When I was in middle school I used to regularly attend a “bible class.” Twice a week, we had about an hour of rather generic discussions at a priest’s house, after the music class that he taught (yes, I played the recorder, too). It was actually not bad at all, in contrast to the vacation bible school at the local church that my parents made me try at a younger age, where I absolutely refused to return after the first day. There was never any question of doubting the basic tenets (tenet, I suppose), and no one was discussing politics, as it was just whatever a group of pre-teens could relate to. And who could object to not lying or stealing or “being mean”?
One day, it so turned out that it was just me and a bunch of girls. None (I don’t even remember the exact number any more, but the possible total was never more than 3 or 4 in any case) of my friends had showed up. I was around 11 or 12. Girls were both weird and, occasionally, scary. It so happened that I was having some adolescent spat or the other with one of the girls present. I don’t know quite how the conversation got here, but at some point she declared quite confidently that I couldn’t find more than 5 people in class who “liked” me.
I had always been rather socially awkward, and in any case generally preferred a good book or movie to sports or things other people did together, so in the sense of not having more than 5 people who enjoyed regularly spending time with me, this wasn’t necessarily an outrageous proposition. And yet, it rankled. What did “like” mean, anyway? Surely I was liked. I decided to find out. I bet her she was wrong, went a few rounds of verbal football, and the next day, I went around the classroom asking people to sign a piece of paper saying they liked me.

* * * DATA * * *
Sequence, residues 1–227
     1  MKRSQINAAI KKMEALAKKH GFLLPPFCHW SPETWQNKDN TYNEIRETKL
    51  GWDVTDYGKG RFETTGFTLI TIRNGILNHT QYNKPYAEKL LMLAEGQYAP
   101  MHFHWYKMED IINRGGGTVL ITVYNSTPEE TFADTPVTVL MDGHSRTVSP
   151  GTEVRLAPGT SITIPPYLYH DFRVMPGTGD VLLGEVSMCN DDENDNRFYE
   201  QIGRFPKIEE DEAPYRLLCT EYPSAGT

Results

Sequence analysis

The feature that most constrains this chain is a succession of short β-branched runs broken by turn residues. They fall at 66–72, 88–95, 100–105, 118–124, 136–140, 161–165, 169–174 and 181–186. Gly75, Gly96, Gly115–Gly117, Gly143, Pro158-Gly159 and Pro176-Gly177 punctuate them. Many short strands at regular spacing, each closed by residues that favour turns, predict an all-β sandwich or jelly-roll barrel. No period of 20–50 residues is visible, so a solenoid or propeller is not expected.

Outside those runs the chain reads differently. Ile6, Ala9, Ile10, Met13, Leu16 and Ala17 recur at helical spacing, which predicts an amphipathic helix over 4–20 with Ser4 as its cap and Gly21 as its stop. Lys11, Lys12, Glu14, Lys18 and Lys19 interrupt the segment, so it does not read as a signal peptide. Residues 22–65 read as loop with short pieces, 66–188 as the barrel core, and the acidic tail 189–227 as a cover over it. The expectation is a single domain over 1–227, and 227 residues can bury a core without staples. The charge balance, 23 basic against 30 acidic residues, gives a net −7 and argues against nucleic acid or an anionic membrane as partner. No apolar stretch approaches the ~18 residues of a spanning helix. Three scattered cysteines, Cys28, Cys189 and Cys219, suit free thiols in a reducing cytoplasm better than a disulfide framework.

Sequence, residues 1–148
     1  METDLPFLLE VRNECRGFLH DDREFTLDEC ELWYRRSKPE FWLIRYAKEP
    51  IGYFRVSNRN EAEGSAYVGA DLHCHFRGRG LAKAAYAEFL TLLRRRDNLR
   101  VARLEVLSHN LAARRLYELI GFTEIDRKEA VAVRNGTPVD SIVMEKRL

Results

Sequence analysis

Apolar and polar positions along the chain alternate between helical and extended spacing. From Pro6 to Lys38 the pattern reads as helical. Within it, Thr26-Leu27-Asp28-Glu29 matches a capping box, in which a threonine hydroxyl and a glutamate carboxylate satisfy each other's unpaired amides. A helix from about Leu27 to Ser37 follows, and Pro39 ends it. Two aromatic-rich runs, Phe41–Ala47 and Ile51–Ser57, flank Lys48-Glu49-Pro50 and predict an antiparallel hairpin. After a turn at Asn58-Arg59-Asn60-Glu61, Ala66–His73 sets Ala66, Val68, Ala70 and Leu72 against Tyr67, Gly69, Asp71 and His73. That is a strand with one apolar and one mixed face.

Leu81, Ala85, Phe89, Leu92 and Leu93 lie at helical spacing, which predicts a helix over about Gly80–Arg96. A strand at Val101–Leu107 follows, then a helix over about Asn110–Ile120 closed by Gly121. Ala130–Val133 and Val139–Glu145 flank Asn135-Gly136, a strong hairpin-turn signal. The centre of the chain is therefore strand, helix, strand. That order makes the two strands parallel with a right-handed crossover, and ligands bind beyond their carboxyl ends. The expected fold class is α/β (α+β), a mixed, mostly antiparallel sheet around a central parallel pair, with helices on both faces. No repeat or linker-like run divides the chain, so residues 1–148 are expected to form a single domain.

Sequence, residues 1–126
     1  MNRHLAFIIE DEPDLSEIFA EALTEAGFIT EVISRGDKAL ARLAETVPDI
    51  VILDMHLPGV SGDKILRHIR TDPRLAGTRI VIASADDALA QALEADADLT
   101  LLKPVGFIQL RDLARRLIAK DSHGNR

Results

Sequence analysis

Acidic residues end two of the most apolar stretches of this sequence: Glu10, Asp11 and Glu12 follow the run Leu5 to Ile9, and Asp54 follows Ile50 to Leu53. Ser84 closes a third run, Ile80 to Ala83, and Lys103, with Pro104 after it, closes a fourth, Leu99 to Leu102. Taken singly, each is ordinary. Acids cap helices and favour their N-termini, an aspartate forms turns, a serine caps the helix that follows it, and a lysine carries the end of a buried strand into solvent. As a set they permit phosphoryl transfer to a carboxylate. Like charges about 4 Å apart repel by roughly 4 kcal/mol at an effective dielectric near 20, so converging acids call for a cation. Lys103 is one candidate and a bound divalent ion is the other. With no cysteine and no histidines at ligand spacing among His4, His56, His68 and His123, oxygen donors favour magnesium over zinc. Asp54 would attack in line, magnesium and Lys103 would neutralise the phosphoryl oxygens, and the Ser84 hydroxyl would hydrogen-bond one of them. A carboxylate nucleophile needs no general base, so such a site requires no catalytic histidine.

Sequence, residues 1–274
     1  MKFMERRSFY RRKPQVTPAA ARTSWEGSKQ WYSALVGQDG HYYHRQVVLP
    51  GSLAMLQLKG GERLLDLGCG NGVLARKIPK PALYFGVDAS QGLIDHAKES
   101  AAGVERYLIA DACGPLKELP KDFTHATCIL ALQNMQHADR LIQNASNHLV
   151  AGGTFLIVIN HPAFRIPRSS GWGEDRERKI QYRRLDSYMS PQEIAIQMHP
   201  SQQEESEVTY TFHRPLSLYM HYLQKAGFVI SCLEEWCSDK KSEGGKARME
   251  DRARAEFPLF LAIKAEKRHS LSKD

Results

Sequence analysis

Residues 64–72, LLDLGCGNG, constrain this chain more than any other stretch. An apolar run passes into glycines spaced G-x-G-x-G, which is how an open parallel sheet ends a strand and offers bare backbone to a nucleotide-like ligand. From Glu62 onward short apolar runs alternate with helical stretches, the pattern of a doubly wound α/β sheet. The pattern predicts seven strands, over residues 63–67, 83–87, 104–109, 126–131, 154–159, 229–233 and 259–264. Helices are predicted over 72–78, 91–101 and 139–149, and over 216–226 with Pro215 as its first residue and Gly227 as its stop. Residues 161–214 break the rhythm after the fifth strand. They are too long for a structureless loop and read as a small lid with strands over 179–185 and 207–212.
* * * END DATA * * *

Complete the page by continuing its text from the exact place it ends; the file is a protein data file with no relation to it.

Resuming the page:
Everybody signed, if I remember right. In some sense I suppose it’s hard not to, when someone is asking you to do something so ridiculous . Emboldened, I even took it to my teachers. I went into the staff room during the lunch break and passed around this little sheet. My science teacher – this I do remember perfectly – refused, saying she didn’t need to sign some paper to show that she “liked” me. I pushed a little, but not very much. After all, I had already surpassed the required number several times over.
At the end of the day, I went and showed this girl the paper. She grinned and said I had won the bet, in a way that I then took to mean sheepishness, but in retrospect could well have been some combination of amusement or scorn.
I remember feeling positively giddy with happiness for a few minutes, before I felt downright miserable.
This story has no point.